And as we might expect from the postmodernist cultural elites, there is a bias against traditional religion: "The history of Christianity is recounted variously as propaganda or 'a blood sacrifice' along the lines—and I’m not making this up—of the Aztecs’ ritual practices."

Are we supposed to take that as a slight on Christianity, which these people hate? Or as a PR upgrade for the Aztecs who, being indigenous Americans, are a privileged race? It is hard to tell.



As Gibson points out, all fifteen episodes of the original "Civilization" series are on Youtube. If you want an account of our civilization by someone who is on the side of civilization, you'd best go there.

Wednesday, April 11, 2018

The Villa of the Papyri

The following is my Letter from the Editor in the spring, 2018 issue of The Classical Teacher:
In 79 A.D., the catastrophic eruption of Mt. Vesuvius in eastern Italy covered nearby towns in ash and completely buried many of them. Accounts of the ancient eruption paint a horrific scene: Volcanic pumice rained from the skies and waves of searing hot gas and debris swept over the nearby landscape. Thousands died where they stood, and others fell while in flight.
One of the towns that was buried in the eruption was Herculaneum, which at the time was a popular vacation spot for wealthy Romans. According to some historical accounts, Julius Caesar‘s father-in-law, Calpurnius Piso, owned an elaborate seaside villa in the town. He is reputed to have had one of the great libraries of ancient times.
For almost seventeen centuries the ancient town lay in darkness underground. Excavations of Herculaneum were conducted in the mid-eighteenth century, and Calpurnius Piso’s villa was located. But nearby landowners put a stop to the excavation, and the location was forgotten.
Then in the 1980s excavations were begun again, and special attention was given to Calpurnius’ villa. When excavators began their work they discovered numerous statues and other works of art, many of them in pristine condition.
Then they began to discover something else—scrolls, some of them in the boxes in which they had been placed for transportation during the panic, others littered on the floor. The scrolls were carbonized by the intense heat of the gas from the volcano and solidified into stone. They began to call Calpurnius’ Villa the Villa of the Papyri.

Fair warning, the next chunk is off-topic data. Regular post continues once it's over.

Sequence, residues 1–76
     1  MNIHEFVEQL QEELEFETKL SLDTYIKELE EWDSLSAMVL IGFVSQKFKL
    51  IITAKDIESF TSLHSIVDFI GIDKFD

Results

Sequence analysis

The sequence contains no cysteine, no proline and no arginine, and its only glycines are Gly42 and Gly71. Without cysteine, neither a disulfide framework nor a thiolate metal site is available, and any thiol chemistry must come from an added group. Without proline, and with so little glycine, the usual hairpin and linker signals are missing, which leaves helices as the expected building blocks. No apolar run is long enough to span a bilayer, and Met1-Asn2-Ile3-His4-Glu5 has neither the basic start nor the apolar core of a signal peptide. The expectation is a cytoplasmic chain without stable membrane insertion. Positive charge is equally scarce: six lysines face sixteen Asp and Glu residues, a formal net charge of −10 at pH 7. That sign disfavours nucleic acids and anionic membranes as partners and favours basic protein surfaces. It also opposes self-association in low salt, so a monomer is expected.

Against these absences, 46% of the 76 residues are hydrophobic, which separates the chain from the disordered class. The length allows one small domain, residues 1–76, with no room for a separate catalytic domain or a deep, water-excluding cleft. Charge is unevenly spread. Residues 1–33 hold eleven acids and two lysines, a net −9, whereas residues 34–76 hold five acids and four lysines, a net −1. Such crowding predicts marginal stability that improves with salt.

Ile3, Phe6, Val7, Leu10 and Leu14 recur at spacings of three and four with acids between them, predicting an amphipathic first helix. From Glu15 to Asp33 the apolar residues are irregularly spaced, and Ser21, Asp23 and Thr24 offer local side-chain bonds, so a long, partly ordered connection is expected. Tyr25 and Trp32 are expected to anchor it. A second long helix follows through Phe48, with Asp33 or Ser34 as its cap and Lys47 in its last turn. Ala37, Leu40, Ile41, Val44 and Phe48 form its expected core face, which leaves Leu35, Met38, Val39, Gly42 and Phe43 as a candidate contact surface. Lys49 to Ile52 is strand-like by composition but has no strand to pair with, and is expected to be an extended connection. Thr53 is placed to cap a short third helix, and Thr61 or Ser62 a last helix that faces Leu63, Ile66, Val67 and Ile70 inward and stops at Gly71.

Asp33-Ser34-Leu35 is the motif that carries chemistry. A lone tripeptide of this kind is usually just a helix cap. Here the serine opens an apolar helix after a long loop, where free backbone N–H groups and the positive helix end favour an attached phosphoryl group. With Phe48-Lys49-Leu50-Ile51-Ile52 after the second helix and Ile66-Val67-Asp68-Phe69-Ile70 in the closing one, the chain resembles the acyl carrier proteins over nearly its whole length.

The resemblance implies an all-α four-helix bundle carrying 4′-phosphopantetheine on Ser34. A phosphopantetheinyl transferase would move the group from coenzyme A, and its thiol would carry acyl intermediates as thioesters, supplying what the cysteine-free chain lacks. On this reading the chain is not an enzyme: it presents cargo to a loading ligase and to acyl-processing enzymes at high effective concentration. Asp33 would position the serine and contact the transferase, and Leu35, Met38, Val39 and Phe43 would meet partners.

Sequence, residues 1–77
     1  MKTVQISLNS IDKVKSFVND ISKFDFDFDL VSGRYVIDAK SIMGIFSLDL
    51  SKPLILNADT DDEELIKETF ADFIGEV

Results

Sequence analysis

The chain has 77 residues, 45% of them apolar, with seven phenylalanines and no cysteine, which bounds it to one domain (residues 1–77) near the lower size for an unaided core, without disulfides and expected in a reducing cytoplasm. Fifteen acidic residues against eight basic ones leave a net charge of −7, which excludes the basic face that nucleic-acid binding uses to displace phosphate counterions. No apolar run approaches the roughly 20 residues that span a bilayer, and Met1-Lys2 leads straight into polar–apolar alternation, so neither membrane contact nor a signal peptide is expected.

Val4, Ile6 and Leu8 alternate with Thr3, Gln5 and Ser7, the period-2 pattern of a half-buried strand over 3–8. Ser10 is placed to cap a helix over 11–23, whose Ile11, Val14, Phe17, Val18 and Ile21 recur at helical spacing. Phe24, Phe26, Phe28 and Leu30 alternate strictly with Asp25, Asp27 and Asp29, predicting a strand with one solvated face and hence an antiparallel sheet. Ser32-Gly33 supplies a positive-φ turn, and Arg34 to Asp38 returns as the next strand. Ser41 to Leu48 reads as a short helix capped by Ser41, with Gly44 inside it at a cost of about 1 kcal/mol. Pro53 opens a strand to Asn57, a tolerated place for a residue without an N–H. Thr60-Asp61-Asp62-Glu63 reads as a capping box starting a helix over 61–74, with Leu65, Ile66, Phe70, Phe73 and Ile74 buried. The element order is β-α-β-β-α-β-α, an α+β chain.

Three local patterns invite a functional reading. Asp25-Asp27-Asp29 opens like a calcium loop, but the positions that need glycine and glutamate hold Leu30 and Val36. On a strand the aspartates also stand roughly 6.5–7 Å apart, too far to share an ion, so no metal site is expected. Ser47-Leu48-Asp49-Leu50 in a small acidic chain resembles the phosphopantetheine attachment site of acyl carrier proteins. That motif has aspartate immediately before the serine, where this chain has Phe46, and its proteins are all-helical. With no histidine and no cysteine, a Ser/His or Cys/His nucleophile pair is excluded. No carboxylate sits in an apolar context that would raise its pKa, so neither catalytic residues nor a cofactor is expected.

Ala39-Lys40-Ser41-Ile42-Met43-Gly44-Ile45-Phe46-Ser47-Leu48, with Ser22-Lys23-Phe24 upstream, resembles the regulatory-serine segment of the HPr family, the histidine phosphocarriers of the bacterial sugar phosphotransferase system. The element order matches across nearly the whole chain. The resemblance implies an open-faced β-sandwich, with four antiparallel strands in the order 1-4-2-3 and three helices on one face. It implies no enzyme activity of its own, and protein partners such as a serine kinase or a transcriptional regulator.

With the development of modern multi-spectral imaging, the burnt scrolls are just beginning to be deciphered. Some scholars are holding their breath over the works of philosophy and literature that might come to light, many of them unknown or lost. We only possess a small fraction of the works of ancient times. St. Augustine cites Cicero‘s Hortensiusas a formative book in his thinking, but all we know of it is what he and a few others quoted in their works. The vast majority of the works of the Greek tragic poets—AeschylusSophocles, and Euripides—were lost long ago.
Could these works lie hidden in ash in the library of Calpurnius Piso? It is exciting to think that they might.
But while we yearn for the discovery of heretofore lost works, what are we doing to learn the ones that have been preserved, and which we have yet to read? Are they not as much lost to us as the works in the Villa of the Papyri? Shouldn’t we wonder as much at the works we have but do not know as at the prospect of the discovery of others?
The treasury of our culture may be missing important things, but it is rich nevertheless. And in many ways, too, this treasury has been covered up by time and neglect. It has been buried in disinterest and distraction and hidden by layer upon layer of modern educational fads and gimmicks.
The work of classical education is to excavate the deep and rich tradition of wisdom and virtue that lies at our very feet, and to decipher the scrolls we have had all along.
We don’t need a spade or multi-spectral imaging. We don’t even need to go to Italy. The works are here at our fingertips. All we need to do is take the trouble to read them.

Tuesday, March 06, 2018

As it turns out, the debate over SB 48 had nothing to do with #childbrides at all